Get access

Popularity as an Organizing Factor of Preadolescent Friendship Networks: Beyond Prosocial and Aggressive Behavior


  • We are grateful to the children, teachers, and school principals who participated in and contributed to this project. An earlier version of this manuscript served as the master's thesis for the first author—we would like to thank Dorothy Espelage and Karen Rudolph for their service on this Committee, and their comments that greatly improved this research; Christian Steglich, Ruth Ripley, Tom Snijders, and many others from StOCNET for their input in methodology; Linda Jacobson and the students for their help with data entry and preparation; and the anonymous reviewers for their valuable feedback on pervious drafts of this manuscript. This research was supported by grants to the second and third authors from the Institute of Education Sciences (#R305A100344) and from the William T. Grant and Spencer Foundations (#200900174).

Requests for reprints should be sent to Handrea A. Logis, 240A Col. Wolfe School, Mail Code 422, 403 E. Healey St., University of Illinois, Champaign, IL. E-mail:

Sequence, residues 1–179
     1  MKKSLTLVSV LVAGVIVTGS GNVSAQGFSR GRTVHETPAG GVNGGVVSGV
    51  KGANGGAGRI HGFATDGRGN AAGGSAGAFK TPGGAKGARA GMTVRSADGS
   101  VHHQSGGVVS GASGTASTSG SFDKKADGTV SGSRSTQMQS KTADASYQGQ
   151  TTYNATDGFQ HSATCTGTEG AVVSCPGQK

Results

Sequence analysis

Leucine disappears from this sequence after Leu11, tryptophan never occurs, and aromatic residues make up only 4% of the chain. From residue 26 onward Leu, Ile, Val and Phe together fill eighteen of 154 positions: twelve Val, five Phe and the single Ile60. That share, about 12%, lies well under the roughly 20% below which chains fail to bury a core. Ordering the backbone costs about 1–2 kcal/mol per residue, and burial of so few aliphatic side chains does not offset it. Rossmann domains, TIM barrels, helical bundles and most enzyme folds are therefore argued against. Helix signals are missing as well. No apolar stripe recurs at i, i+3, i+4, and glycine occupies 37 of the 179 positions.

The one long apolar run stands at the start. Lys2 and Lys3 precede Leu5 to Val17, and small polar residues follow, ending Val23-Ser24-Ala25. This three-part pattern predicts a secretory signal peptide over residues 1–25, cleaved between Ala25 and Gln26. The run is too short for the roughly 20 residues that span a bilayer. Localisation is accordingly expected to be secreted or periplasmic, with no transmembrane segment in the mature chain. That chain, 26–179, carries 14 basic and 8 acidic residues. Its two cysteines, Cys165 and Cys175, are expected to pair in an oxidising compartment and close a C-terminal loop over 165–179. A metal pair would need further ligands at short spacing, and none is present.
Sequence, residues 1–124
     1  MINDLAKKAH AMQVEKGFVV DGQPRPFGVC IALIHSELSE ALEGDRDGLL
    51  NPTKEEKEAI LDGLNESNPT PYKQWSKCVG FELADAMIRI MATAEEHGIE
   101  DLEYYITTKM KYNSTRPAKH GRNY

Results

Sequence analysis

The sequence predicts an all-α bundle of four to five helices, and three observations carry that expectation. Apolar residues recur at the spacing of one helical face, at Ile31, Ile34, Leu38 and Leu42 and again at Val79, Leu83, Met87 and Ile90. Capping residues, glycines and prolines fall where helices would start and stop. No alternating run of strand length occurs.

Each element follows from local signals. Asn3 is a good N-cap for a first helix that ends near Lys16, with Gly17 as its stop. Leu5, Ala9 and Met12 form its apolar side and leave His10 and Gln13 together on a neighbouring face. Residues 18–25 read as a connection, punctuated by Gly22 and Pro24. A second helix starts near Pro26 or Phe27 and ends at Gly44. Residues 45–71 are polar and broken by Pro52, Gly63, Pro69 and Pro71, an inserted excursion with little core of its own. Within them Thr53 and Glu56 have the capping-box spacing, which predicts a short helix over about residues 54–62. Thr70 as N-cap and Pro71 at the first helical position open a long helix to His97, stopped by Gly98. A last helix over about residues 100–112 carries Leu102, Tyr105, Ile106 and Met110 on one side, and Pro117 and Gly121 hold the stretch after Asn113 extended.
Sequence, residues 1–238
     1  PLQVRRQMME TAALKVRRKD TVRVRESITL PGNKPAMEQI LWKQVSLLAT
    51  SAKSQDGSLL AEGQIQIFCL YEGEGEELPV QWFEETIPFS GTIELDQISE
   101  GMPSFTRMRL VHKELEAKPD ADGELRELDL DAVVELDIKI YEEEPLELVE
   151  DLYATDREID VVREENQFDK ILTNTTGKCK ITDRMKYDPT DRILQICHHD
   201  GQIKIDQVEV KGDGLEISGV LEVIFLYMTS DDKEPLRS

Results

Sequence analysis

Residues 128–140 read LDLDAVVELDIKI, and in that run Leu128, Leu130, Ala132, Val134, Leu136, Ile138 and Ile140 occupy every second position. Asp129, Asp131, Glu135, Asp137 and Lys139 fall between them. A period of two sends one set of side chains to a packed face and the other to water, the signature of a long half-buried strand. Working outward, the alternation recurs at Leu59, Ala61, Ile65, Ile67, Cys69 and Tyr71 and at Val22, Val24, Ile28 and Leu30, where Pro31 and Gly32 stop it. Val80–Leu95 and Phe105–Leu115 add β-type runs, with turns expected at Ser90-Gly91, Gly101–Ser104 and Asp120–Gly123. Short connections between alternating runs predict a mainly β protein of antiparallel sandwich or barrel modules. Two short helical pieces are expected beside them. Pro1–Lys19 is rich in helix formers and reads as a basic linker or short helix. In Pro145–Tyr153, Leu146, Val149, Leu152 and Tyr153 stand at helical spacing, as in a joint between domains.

This study investigates friendship selection and influence processes in relation to popularity, aggression, and prosociality among 613 fifth graders in 26 classrooms within one academic year. Results showed that youth tended to select their friends based on similarity in popularity more than similarity in aggression or prosociality. Aggressive youths tended to select prosocial peers as friends given similarity in popularity, but prosocial youths did not disproportionately nominate aggressive peers. Socialization within friendships was evident for aggressive and prosocial behavior and popularity. Discussion considers the importance of social status as a grouping mechanism in peer social ecologies, and as a malleable factor that can impact student adjustment.